Using Solid Fuels In A Smoke-Controlled Area

Hello all, as I’m sure you are aware London is governed by ‘The Clean Air Acts of 1956 and 1968’ which were acts introduced to England in the 1950s and ‘60s in the wake of the widespread burning of coal in domestic heating and by industry. These smogs were blamed for the premature deaths of hundreds of people in the UK and the Acts gave local authorities the power to control emissions of all manner of dark smoke, grit, dust and fumes from industrial premises and furnaces. Consequently, most of London is governed by these rules which is why here at London Gases we only supply Smokeless coal and briquettes. To check if you live within a smoke-controlled area, go to:

http://www.uksmokecontrolareas.co.uk/locations.php?map_name=lond

Also, you can check if your appliance is exempt from these regulations by going to:

http://uksmokecontrolareas.co.uk/appliances.php?country=e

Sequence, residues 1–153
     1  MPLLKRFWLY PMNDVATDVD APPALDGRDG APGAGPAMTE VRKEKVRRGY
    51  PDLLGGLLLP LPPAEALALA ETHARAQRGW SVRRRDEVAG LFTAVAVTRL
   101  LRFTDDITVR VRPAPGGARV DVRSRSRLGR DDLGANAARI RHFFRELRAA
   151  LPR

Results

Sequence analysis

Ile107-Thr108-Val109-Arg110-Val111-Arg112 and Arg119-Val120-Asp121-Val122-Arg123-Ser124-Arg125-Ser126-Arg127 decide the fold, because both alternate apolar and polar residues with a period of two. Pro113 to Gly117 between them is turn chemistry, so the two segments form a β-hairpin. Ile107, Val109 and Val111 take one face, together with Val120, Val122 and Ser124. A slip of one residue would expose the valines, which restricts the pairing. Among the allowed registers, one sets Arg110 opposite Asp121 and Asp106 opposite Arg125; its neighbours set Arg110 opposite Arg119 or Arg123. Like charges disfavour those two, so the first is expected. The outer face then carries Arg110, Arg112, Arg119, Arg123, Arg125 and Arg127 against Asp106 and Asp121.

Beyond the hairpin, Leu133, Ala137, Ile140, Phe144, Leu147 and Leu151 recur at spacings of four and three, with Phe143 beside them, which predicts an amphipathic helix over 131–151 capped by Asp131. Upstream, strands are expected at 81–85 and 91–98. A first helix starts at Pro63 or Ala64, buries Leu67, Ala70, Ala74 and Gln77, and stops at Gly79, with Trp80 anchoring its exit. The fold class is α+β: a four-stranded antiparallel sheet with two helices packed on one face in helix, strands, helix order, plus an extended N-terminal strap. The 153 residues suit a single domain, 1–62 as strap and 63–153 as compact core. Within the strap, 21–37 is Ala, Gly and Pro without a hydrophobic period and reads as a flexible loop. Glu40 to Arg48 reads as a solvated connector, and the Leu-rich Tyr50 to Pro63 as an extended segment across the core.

An "exempt" appliance is one that is suitable for burning unauthorised fuels in smoke control areas, under Regulations published under the Clean Air Act.

If you wish to burn logs and you live in a smoke controlled area, you may only do so if you use an "exempt" appliance; as, under the Clean Air Act 1993, wood is not an authorised fuel. However, many of the stoves for sale in the UK meet the standard required because according to the Solid Fuel Association they use a system of secondary combustion, which means they burn off or 'eat' their own smoke. Burning logs is considered carbon neutral because the log absorbs CO2 during its lifetime and this balances with the CO2 emitted during combustion.

Using Solid Fuels In A Smoke-controlled Area

Posted 01.04.14